|4||#4 (Caution: last few minutes NSFW)||Introduction||This session was a discussion of the Deutsch-Schiffman Smalltalk implementation and associated paper, with L Peter Deutsch and Allan Schiffman present to answer questions.||-||Deutsch & Schiffman (1984)|
6 Dynamic languages
7 Memory management part 1
Dynamic languages: dispatch and storage challenges; boxing; object tables; primitives and
tagging; call target caches.
Memory management: allocation (static, stack, heap); list-based allocation; fragmentation; performance considerations; bump allocation; deallocation; GC; liveness; reachability; reference counting; (presentation of remaining slides left to next week).
5 Write a copying collector
7B Mem.mgmt part 2
7C Debugging hints
This week our guest via Skype was David Ungar, to discuss his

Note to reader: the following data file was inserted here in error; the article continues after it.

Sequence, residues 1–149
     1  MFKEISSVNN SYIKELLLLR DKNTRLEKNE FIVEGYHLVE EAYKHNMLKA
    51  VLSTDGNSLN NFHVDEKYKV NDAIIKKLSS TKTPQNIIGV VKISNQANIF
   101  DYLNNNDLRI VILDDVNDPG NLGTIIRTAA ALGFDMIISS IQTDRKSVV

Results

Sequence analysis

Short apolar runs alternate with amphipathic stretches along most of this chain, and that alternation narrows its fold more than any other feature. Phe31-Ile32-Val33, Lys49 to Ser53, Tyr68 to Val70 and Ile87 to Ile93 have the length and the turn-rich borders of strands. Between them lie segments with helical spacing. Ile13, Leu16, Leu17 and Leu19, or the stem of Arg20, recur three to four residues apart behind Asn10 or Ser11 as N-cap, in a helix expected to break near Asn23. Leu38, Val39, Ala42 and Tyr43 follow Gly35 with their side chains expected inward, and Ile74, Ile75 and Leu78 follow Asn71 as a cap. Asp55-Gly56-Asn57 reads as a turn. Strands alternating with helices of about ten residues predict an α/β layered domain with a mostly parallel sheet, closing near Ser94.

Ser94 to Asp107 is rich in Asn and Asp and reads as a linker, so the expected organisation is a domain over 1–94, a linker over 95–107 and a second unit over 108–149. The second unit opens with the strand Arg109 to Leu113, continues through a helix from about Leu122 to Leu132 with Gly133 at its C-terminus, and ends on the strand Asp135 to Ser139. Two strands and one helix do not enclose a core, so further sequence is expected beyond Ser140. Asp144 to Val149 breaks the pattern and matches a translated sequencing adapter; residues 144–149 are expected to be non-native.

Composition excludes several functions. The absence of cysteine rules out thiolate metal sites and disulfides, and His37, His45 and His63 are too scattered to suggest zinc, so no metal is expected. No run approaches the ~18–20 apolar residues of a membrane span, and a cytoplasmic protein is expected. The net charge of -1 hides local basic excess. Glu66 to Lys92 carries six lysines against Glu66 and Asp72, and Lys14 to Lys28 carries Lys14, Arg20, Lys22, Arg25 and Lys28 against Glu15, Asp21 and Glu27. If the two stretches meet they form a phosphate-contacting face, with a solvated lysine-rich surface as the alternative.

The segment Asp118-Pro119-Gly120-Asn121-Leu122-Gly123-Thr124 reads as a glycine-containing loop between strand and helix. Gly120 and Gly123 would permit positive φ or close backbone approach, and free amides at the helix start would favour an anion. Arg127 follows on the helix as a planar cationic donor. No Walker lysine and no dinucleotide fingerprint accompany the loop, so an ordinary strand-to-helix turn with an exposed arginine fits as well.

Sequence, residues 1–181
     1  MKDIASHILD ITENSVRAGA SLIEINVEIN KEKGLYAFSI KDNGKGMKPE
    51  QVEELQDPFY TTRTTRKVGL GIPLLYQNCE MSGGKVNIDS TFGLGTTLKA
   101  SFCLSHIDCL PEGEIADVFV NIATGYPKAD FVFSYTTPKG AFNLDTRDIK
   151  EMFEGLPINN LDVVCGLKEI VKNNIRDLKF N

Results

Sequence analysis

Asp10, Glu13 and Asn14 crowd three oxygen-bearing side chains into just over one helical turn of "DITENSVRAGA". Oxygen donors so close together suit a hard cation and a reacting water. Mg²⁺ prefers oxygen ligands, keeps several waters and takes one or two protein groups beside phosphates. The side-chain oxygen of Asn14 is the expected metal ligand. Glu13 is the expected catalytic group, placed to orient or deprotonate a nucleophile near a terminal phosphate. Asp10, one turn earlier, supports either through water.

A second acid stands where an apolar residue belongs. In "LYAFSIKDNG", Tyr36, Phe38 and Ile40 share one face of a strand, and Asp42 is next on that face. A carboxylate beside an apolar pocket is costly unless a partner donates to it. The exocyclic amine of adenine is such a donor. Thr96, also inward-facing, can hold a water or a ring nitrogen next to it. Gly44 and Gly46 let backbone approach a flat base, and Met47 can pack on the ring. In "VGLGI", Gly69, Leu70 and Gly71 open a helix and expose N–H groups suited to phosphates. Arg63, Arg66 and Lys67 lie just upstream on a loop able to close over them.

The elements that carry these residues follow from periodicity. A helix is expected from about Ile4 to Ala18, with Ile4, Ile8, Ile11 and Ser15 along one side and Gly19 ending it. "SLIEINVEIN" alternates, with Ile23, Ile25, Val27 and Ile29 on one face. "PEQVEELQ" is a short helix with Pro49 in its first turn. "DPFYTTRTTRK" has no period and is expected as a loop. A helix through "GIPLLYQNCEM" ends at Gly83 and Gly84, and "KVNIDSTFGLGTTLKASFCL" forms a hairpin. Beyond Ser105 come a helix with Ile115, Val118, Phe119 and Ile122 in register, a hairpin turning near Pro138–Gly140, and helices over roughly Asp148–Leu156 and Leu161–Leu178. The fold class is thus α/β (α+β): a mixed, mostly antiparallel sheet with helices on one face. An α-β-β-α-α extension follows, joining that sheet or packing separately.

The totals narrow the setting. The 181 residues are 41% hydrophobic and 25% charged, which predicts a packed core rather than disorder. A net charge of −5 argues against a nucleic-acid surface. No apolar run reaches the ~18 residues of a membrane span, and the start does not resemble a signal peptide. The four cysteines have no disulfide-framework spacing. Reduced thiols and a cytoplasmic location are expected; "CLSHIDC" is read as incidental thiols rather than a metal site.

many contributions to VM technology.
After that we concluded the first part of memory management (not on video, alas -- we forgot to turn the camera on!): tracing collection; marking and mark stacks; sweeping; heap parsing; compaction; sliding compaction; forwarding pointer compaction; using a temporary object table; threaded compaction; copying collection; tri-color abstraction; incremental collection; Baker's algorithm; barriers; generational collection; scavenging; remembered sets and card marking; inexact collection.
Debugging hints for the collector exercise.
Ungar & Smith (1987)
|7||#7||8 Self internals||A tour of Self VM internals: language recap; bytecodes; memory organization (heap, tags, maps, object layouts; use of C++ objects; oops); allocation; scavenging; root-finding; programming primitives and _Define; heap scanning.||6 Tagging||-|
10 Dynamic compilation